• payments: Banks basically missed this completely. Companies like Paypal, Ayden,  Stripe etc. show the banks how to do this in the internet age
  • Asset management: Index funds, robo advisors etc. the first index funds have been launchen with negative TERs. There is only one way for AM fees: down
  • loans: P2P, loan platforms etc. targeting the most valuable clients of traditional banks (SME)
  • Stock trading: free trading like Robin Hood, super cheap and efficient trading for pros via Interactive Brokers etc.
  • Multi Family offices are taking clients in Wealth Management
  • Many new boutique M&A advisory firms have opened up and snatching lucrative M&A advisory mandates
  • Custody (Apex, FNZ, Blockchain (!!!)
  • in retail, players like N26, Revolut and Monzo are adding customers in the millions

This is in my opinion very similar to the Bundling/Unbundling in Cable Television vs. Netflix as brilliantly laid out by Ben Thompson here.

Especially the aggressive retail players like Revolut and N26 are trying to rebundle retail services in a more convenient way. Both started with very narrow services (FX for Revolut, current account & credit card for N26) and are now adding more services however in a mobile first and very customer friendly way. Other rebundling occurs in online based SME banks like Tide or players like Square.  Plus you have more and more of the big Tech companies like Amazon, Apple and Co. entering the space via payments, cards etc.

These developments clearly do not only apply to Van Lanschot but also to all other traditional banks. Some might be able to adjust but in my opinion a lot will get into problems. In Van Lanschot’s case they tried to adjust by launching “EVI” but looking at their numbers (almost no customer growth) it clearly looks more like a typical “let’s build an app” approach than a real attempt to transform the business model.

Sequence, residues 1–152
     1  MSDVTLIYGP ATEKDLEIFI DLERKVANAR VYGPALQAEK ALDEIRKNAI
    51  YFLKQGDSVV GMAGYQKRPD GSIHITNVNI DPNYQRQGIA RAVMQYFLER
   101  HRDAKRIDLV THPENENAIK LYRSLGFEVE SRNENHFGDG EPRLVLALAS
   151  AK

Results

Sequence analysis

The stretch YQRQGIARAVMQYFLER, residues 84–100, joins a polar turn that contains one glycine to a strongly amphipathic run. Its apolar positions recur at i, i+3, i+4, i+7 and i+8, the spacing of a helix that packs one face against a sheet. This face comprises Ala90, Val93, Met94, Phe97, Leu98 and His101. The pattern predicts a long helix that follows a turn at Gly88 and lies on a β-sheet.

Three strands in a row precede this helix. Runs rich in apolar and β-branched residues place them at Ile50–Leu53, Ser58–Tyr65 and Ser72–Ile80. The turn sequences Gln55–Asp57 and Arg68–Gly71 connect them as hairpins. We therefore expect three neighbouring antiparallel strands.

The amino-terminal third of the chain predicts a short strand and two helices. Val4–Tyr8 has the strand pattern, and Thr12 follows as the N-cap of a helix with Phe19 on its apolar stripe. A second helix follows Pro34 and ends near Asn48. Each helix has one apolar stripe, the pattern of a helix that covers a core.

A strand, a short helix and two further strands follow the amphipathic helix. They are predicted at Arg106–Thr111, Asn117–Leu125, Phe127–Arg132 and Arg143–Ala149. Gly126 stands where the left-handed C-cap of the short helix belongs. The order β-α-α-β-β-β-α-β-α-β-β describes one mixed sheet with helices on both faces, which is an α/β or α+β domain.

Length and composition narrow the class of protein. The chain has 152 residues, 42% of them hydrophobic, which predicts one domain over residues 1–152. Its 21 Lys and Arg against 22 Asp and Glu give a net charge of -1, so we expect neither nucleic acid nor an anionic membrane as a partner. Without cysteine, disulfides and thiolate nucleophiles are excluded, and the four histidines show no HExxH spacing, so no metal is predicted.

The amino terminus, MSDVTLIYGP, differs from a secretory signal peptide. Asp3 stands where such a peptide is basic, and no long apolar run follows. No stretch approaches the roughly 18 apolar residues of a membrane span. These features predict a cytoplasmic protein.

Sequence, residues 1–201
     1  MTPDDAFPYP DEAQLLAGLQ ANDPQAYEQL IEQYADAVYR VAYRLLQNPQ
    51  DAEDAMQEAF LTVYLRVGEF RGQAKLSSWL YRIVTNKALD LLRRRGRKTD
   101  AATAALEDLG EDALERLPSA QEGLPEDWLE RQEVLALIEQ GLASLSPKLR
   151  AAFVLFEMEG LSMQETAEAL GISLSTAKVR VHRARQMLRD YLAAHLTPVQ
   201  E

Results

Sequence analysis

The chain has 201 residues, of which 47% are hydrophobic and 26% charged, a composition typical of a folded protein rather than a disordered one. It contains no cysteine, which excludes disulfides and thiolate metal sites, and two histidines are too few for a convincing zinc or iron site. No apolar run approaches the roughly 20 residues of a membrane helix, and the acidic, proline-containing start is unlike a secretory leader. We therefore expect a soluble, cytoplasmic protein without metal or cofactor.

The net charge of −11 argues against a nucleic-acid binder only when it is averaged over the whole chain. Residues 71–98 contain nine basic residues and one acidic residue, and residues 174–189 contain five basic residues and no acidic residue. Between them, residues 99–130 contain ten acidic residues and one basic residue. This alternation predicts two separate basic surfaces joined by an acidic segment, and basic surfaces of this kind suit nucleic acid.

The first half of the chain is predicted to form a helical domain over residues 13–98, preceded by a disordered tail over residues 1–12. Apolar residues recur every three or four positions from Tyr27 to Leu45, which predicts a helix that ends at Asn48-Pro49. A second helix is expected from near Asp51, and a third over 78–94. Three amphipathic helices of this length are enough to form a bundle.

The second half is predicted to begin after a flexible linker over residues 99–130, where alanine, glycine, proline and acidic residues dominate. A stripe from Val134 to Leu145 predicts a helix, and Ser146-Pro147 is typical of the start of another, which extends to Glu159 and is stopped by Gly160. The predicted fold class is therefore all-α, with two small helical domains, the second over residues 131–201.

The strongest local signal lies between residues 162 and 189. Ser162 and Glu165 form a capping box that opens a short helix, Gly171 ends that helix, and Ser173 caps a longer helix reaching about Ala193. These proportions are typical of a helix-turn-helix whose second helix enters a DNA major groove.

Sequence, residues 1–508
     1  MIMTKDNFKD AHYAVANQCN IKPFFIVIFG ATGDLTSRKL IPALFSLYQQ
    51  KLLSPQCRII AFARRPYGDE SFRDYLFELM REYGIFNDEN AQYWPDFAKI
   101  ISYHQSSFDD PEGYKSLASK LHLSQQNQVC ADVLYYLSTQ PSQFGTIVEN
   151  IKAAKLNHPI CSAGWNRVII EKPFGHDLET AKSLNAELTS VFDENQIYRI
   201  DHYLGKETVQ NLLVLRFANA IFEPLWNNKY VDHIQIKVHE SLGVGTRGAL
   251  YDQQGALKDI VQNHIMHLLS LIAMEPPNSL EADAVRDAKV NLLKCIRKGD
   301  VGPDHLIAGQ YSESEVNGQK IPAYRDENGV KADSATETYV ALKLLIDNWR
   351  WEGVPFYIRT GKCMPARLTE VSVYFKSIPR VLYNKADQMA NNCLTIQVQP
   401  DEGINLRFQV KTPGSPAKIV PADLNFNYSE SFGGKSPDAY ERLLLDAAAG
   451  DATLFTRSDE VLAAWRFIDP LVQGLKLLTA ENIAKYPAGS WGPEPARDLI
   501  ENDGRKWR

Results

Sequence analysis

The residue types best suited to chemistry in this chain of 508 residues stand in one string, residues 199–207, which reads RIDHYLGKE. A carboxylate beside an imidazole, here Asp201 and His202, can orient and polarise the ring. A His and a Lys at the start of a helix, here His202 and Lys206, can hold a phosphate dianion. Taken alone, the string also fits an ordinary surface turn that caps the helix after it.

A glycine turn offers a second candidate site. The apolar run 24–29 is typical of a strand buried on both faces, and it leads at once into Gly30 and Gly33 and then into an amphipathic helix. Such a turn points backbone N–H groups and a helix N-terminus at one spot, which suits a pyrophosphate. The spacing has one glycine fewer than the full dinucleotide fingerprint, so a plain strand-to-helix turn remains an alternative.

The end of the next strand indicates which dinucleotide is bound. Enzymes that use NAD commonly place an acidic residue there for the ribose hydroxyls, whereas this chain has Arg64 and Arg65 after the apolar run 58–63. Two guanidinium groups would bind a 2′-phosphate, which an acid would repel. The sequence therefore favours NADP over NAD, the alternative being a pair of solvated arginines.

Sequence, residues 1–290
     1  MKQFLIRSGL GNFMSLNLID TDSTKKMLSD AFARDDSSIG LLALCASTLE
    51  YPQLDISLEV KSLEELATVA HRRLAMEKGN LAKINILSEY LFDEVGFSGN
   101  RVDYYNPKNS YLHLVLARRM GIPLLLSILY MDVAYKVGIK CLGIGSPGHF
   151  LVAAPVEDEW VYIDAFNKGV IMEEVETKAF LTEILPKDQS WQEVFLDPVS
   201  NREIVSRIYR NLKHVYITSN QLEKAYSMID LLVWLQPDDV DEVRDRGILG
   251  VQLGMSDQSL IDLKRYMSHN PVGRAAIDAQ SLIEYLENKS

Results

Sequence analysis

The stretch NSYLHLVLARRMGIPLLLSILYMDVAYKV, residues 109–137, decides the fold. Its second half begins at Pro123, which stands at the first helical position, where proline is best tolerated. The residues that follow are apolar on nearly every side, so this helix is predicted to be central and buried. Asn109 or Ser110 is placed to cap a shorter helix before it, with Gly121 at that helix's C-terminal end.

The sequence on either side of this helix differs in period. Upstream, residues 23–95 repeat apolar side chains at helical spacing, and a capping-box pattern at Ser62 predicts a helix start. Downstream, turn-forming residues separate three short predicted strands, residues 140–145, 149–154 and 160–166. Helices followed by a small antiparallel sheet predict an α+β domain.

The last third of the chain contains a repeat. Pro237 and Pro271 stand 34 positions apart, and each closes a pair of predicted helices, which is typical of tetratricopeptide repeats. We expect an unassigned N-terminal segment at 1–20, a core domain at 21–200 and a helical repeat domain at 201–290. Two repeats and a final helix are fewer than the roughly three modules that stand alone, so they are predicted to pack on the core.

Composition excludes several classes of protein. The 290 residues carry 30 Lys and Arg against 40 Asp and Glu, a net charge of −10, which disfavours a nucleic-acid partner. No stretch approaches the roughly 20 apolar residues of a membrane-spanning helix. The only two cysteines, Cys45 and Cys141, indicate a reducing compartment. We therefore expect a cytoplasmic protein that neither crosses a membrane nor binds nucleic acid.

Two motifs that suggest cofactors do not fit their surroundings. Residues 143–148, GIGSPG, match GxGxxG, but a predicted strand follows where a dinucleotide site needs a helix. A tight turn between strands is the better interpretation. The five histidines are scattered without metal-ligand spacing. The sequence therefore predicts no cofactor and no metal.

Of course I also need to revisit Handelsbanken. Handelsbanken is a “special case” but there is clearly a risk that they will miss out as well on these structural changes.


In general, the old “Banking bundle” is clearly under attack from many sides. Maybe there is a “last puff” in banking stocks when the next merger wave starts, but for me at least for Van Lanschot I am not convinced if going forward they will be able to generate value on top of the dividend they are paying.

Therefore I sell my Van Lanschot stake (2,0% of the portfolio)  after 5,5 years at 21,50 EUR/share.

Click to access investor-presentation-march-2019-van-lanschot-kempen.pdf


  • I would be in ibkr, or tiger broker…

  • Interesting views. It would be even more interesting to know what do you plan to make with the cash. To me markets now seem quite heated, and valuation very high… I wonder if sustainable (?). Maybe it would be smart to just #sellinmayandrunaway ?

    Or just buy some put options…

  • Interesting post as usual. Question on process.

    It seems you did some analysis, bought the stock. Then some time elapsed during which you read a lot of stuff on a lot of other investments. And then at some relatively arbitrary point in time (about 5.5 years) you decided to take another look and sell. This does doesn’t strike me as optimal. Wouldn’t it be better to keep an updated list of performance of all your portfolio and then compare every time you read about a new stock to the worst stock in the portfolio and make a switch / no-switch decision? Otherwise what are you going to do with the Van Lanschot cash now?

    • #pogonific,
      thank you for the comment. Yes it may sound a little bit arbitrary and to a certain extent it is. As i mentioned in the blog sveral times, for certain (personally very positive) reasons I have a lot less time to research stocks and write on the blog. I have also mentioned several times that I intent to lengthen my holding periods.

      My stated time horizon for investemnts is in general 3-5 years. So reviewing a stock after 5,5 years in my opinion is OK.

      For the cash part: Van Lanschot was only 2% of the portfolio.

      • Interesting views. It would be even more interesting to know what do you plan to make with the cash. To me markets now seem quite heated, and valuation very high… I wonder if sustainable (?). Maybe it would be smart to just #sellinmayandrunaway ?

        Or just buy some put options…

  • Sounds fair.
    I suppose five years it at least a good time to reevaluate if your original investment thesis ist still valid.
    I am looking forward reading your analysis about Handelsbanken.
    I really like their outsider-behaviour and I think they made a very good job in UK, but the digital time may test their business model as well.

    by the way, I did quite like this interview with Bouvin from handelsbanken: https://internationalbanker.com/banking/interview-with-mr-anders-bouvin-president-and-group-ceo-of-handelsbanken/